Film industry study undermined by its own figures
In his latest attempt to convince the public that Louisiana’s film subsidy program somehow pays for itself, the president of the Louisiana Film Entertainment Association rolled out an industry-funded survey Monday which claims that nearly 15 percent of state tourism activity comes courtesy of the movie industry. Will French, who is also a tax broker who benefits from trading film credits, told the Baton Rouge Press Club that when tourism benefits are taken into account, film subsidies practically pay for themselves.
But French’s claims are undermined by actual facts – including a graph from his own presentation that shows Louisiana hosted about the same number of visitors in 2003 as in 2013. This fact was fortunately not lost on Will Sentell of The Advocate:
The number of tourists who visited the state in 2013, the most recent year for which numbers were available, was about the same as it was when the film program was in its infancy a dozen years ago.
There is also the pesky fact that every single independent study of the film program – most of them done at the behest of the state Department of Economic Development – has found that film credits return anywhere from 15 to 23 cents on the dollar.
Meanwhile, The Advocate’s Stephanie Grace notes that film credits are a magnet for scam artists, citing the fact that convicted felon Malcolm Petal was recently certified for $6.5 million in state lucre while another company received nearly $1 million in state support for a project about the “Saintsations” in which costs were wildly inflated.
Their crime would not have been possible if the program didn’t provide tax credits to moguls who don’t even accrue tax liability in the state, a situation that creates a separate marketplace to buy those credits and sell them to locals who do owe taxes; that’s what Petal’s company, LIFT Productions, was set up to do. In fact, it’s distorting to refer to the payouts as tax credits at all because the state often just cuts checks to players that exceed their tax bills. Subsidies is more like it, and generous ones at that.
Tax credits for working families off the chopping block
Some good news on the gloomy budget front: A pair of tax credits that benefit the working poor will apparently not be on the chopping block when Gov. Bobby Jindal unveils his budget recommendations later this week. This despite the fact that the governor has said “refundable” tax credits that return money to taxpayers above their state tax liability are ripe for reduction. As Nola.com’s Julie O’Donoghue reports:
The governor is not targeting the Earned Income Tax Credit or the School Readiness Tax Credits, which are aimed at helping low-to-moderate-income families and children…Initial estimates show Louisiana is spending about $777 million annually on 28 refundable tax credit programs, but only $187 million of that expense is tied to an actual tax liability. The vast majority of the money spent, $590 million, is given out not as a credit necessarily, but as a payment of sorts.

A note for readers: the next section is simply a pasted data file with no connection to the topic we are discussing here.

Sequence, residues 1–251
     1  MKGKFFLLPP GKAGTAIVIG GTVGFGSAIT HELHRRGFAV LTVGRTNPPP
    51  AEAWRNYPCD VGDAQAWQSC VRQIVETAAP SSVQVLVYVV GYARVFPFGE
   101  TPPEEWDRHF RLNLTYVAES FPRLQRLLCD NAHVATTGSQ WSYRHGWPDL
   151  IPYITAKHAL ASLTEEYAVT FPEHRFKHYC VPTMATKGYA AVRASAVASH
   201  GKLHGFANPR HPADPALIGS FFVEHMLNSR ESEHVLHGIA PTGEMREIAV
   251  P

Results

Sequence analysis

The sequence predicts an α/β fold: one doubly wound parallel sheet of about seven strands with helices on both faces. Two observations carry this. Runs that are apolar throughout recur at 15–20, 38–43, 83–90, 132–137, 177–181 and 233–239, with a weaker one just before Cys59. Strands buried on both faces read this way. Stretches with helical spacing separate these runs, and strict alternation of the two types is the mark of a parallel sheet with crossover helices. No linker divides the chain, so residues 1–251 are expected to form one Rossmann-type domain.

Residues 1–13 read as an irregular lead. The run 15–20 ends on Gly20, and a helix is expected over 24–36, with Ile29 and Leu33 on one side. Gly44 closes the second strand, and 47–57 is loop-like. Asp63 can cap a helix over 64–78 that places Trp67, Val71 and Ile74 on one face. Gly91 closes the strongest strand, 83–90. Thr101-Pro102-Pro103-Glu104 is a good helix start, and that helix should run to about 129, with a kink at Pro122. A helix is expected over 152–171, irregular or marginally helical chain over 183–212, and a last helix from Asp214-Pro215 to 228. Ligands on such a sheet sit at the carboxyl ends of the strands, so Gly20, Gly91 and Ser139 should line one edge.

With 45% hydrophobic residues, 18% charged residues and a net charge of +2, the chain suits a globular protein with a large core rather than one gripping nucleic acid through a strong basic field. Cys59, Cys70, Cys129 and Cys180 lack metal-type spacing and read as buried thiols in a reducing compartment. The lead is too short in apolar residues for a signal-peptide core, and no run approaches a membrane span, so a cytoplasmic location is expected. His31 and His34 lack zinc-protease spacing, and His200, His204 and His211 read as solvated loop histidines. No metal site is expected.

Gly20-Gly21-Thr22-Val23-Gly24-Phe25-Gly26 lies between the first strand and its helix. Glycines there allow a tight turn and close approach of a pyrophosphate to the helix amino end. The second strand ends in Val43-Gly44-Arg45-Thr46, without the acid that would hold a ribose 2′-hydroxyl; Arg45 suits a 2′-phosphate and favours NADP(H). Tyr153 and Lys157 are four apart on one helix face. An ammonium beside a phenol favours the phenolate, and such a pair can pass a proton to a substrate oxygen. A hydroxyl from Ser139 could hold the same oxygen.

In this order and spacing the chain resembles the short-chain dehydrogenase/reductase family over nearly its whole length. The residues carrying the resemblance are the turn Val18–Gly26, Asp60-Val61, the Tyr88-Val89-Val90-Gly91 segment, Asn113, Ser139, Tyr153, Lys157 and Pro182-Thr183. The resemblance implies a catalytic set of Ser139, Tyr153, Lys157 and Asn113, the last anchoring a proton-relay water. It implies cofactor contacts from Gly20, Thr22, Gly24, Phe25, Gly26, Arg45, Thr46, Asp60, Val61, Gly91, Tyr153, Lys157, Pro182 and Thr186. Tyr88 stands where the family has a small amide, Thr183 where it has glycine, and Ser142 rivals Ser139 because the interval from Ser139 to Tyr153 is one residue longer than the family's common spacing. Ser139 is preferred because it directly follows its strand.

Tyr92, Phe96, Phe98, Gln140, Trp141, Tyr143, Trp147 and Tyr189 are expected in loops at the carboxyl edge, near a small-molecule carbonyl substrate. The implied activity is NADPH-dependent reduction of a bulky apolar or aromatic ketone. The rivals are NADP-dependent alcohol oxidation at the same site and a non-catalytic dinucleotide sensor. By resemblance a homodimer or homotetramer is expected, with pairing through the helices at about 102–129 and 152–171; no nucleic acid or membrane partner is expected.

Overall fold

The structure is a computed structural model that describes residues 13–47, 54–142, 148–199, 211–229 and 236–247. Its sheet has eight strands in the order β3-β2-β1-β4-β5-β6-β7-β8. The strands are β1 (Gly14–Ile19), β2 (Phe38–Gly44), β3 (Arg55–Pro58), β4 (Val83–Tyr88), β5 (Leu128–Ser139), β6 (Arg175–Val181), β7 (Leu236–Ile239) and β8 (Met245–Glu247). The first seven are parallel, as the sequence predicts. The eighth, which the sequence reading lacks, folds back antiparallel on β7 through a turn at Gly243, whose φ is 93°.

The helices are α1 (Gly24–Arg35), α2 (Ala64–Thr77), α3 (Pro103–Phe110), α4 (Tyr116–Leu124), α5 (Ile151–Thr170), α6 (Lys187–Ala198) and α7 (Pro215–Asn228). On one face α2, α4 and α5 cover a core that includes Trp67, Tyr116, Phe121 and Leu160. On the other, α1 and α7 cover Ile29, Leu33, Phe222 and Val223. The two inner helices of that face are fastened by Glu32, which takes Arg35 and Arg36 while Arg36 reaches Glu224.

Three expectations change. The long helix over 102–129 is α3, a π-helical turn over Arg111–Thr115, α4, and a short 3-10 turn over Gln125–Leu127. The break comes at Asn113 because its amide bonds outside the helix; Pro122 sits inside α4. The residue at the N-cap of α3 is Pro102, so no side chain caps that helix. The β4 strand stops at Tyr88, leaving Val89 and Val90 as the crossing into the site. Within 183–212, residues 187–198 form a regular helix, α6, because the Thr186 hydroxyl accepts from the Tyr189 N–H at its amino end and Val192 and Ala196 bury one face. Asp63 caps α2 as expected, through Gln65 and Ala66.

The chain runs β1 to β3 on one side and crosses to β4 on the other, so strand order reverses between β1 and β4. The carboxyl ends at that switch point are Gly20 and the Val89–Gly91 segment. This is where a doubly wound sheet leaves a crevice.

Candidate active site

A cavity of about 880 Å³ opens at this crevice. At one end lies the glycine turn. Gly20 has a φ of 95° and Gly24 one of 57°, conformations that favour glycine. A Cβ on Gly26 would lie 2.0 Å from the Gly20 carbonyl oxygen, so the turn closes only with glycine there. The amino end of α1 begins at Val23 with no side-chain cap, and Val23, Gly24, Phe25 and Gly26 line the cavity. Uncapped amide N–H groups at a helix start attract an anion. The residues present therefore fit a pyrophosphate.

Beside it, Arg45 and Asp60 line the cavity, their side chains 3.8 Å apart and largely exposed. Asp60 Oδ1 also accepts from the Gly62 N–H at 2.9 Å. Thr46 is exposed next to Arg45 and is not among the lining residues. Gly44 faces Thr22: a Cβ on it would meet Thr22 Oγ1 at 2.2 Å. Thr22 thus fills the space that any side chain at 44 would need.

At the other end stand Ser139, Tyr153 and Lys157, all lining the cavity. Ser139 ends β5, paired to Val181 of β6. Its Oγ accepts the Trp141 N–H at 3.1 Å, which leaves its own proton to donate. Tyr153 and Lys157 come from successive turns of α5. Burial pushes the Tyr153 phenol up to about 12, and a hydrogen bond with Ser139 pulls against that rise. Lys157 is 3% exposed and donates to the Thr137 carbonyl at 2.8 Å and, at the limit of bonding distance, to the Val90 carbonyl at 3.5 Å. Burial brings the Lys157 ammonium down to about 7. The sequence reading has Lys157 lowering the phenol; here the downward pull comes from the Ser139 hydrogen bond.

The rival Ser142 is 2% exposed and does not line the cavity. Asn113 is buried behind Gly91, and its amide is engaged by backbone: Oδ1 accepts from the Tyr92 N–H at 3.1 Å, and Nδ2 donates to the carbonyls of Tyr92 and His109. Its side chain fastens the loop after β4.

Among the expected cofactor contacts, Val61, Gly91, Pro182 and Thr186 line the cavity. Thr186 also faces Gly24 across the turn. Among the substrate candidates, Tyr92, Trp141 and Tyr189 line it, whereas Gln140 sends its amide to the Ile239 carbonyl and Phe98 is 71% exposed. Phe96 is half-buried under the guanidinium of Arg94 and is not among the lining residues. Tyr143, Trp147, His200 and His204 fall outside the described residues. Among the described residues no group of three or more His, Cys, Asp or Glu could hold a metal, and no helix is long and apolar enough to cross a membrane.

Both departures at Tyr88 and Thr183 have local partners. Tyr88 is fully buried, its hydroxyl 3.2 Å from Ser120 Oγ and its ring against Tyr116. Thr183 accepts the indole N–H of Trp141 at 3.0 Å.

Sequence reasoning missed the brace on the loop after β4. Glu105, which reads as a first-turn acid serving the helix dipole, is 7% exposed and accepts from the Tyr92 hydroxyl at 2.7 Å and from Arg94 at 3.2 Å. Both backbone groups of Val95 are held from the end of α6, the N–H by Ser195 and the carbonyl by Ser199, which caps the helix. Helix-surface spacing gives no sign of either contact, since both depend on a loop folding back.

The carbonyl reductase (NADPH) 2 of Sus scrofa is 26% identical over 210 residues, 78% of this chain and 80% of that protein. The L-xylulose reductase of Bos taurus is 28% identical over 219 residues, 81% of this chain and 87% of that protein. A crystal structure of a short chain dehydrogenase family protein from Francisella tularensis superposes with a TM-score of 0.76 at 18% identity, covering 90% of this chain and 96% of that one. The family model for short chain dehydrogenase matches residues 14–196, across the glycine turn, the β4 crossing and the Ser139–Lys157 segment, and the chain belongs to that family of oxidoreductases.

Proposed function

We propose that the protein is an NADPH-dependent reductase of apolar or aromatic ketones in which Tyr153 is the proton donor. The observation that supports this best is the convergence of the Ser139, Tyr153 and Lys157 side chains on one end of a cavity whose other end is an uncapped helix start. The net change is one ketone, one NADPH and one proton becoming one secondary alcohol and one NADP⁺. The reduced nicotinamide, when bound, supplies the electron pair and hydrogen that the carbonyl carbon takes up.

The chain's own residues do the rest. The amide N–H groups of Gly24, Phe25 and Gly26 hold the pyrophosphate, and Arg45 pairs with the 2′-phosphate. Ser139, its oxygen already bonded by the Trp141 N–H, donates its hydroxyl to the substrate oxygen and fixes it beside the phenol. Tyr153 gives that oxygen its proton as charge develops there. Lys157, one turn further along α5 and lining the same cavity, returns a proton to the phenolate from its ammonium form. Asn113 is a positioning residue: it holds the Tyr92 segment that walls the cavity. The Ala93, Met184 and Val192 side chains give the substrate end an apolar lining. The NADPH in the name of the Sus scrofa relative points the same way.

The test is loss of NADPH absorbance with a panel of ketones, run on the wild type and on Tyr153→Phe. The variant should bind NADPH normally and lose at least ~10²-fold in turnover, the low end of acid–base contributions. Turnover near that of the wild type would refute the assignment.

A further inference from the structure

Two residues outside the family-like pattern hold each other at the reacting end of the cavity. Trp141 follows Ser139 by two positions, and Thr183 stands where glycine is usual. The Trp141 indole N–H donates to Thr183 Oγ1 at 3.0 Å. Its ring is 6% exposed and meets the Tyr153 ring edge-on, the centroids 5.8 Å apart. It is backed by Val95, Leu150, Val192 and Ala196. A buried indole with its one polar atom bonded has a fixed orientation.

Neither the Earned Income Tax Credit nor the School Readiness Tax Credits are a particularly big chunk of the $590 million in refundable tax credit expenses the Jindal administration has said it is targeting. The Earned Income Tax Credit accounts for about $21 million of the “above tax liability” expense, according to the Department of Revenue. The School Readiness credits account for a little less than $3 million of that $590 million figure.
There’s a hole in the bucket
The Jindal administration’s plan to close the second mid-year deficit of the 2015 cycle ironically just made balancing the 2016 budget that much harder, according to the Advocate’s editorial board.
Because the Jindal administration’s midyear cuts involve more shifting around of cash in various state accounts, the Legislature faces an even bigger challenge later. In the words of the Legislative Fiscal Office: “Approximately 80 percent of the solution involves MOF swaps replacing SGF that use one-time resources that will likely require another revenue source in FY 16.” Loosely translated, this means that the governor is once again patching one-time money (Means of Financing) into accounts that pay for recurring expenses. Because he’s taking whatever limited revenue increases have occurred to patch the current year budget hole, the budget hole for Fiscal Year 2016 becomes worse.
Number of the Day
$590 million – The amount of refundable tax credits above taxpayers’ liability that is on the table for reductions during the legislative session to help balance the budget (Source: Nola.com)